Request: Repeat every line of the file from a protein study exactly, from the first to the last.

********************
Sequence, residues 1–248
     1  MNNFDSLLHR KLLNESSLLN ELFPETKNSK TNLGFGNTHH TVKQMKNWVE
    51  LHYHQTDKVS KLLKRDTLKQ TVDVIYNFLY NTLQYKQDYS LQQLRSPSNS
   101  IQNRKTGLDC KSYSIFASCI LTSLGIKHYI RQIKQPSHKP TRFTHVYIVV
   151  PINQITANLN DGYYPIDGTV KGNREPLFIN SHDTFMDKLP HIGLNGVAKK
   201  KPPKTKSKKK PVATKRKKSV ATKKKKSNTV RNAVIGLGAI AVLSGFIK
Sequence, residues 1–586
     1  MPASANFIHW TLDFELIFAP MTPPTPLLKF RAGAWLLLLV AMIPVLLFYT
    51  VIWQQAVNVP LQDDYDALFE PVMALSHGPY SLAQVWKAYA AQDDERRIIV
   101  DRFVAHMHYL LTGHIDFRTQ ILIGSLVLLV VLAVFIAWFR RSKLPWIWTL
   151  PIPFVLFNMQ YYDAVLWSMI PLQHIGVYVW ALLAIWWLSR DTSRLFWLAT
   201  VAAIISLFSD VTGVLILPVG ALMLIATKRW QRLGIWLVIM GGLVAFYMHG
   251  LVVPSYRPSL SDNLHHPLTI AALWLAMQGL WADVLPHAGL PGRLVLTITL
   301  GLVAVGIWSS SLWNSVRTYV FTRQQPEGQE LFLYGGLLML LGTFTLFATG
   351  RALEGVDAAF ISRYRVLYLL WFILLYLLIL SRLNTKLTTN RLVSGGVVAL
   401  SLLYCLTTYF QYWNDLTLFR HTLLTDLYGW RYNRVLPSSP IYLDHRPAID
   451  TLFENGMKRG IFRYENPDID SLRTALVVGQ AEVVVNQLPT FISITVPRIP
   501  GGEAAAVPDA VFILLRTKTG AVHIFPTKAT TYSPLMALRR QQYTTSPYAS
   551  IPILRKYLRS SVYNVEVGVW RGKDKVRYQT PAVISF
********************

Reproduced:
Sequence, residues 1–248
     1  MNNFDSLLHR KLLNESSLLN ELFPETKNSK TNLGFGNTHH TVKQMKNWVE
    51  LHYHQTDKVS KLLKRDTLKQ TVDVIYNFLY NTLQYKQDYS LQQLRSPSNS
   101  IQNRKTGLDC KSYSIFASCI LTSLGIKHYI RQIKQPSHKP TRFTHVYIVV
   151  PINQITANLN DGYYPIDGTV KGNREPLFIN SHDTFMDKLP HIGLNGVAKK
   201  KPPKTKSKKK PVATKRKKSV ATKKKKSNTV RNAVIGLGAI AVLSGFIK
Sequence, residues 1–586
     1  MPASANFIHW TLDFELIFAP MTPPTPLLKF RAGAWLLLLV AMIPVLLFYT
    51  VIWQQAVNVP LQDDYDALFE PVMALSHGPY SLAQVWKAYA AQDDERRIIV
   101  DRFVAHMHYL LTGHIDFRTQ ILIGSLVLLV VLAVFIAWFR RSKLPWIWTL
   151  PIPFVLFNMQ YYDAVLWSMI PLQHIGVYVW ALLAIWWLSR DTSRLFWLAT
   201  VAAIISLFSD VTGVLILPVG ALMLIATKRW QRLGIWLVIM GGLVAFYMHG
   251  LVVPSYRPSL SDNLHHPLTI AALWLAMQGL WADVLPHAGL PGRLVLTITL
   301  GLVAVGIWSS SLWNSVRTYV FTRQQPEGQE LFLYGGLLML LGTFTLFATG
   351  RALEGVDAAF ISRYRVLYLL WFILLYLLIL SRLNTKLTTN RLVSGGVVAL
   401  SLLYCLTTYF QYWNDLTLFR HTLLTDLYGW RYNRVLPSSP IYLDHRPAID
   451  TLFENGMKRG IFRYENPDID SLRTALVVGQ AEVVVNQLPT FISITVPRIP
   501  GGEAAAVPDA VFILLRTKTG AVHIFPTKAT TYSPLMALRR QQYTTSPYAS
   551  IPILRKYLRS SVYNVEVGVW RGKDKVRYQT PAVISF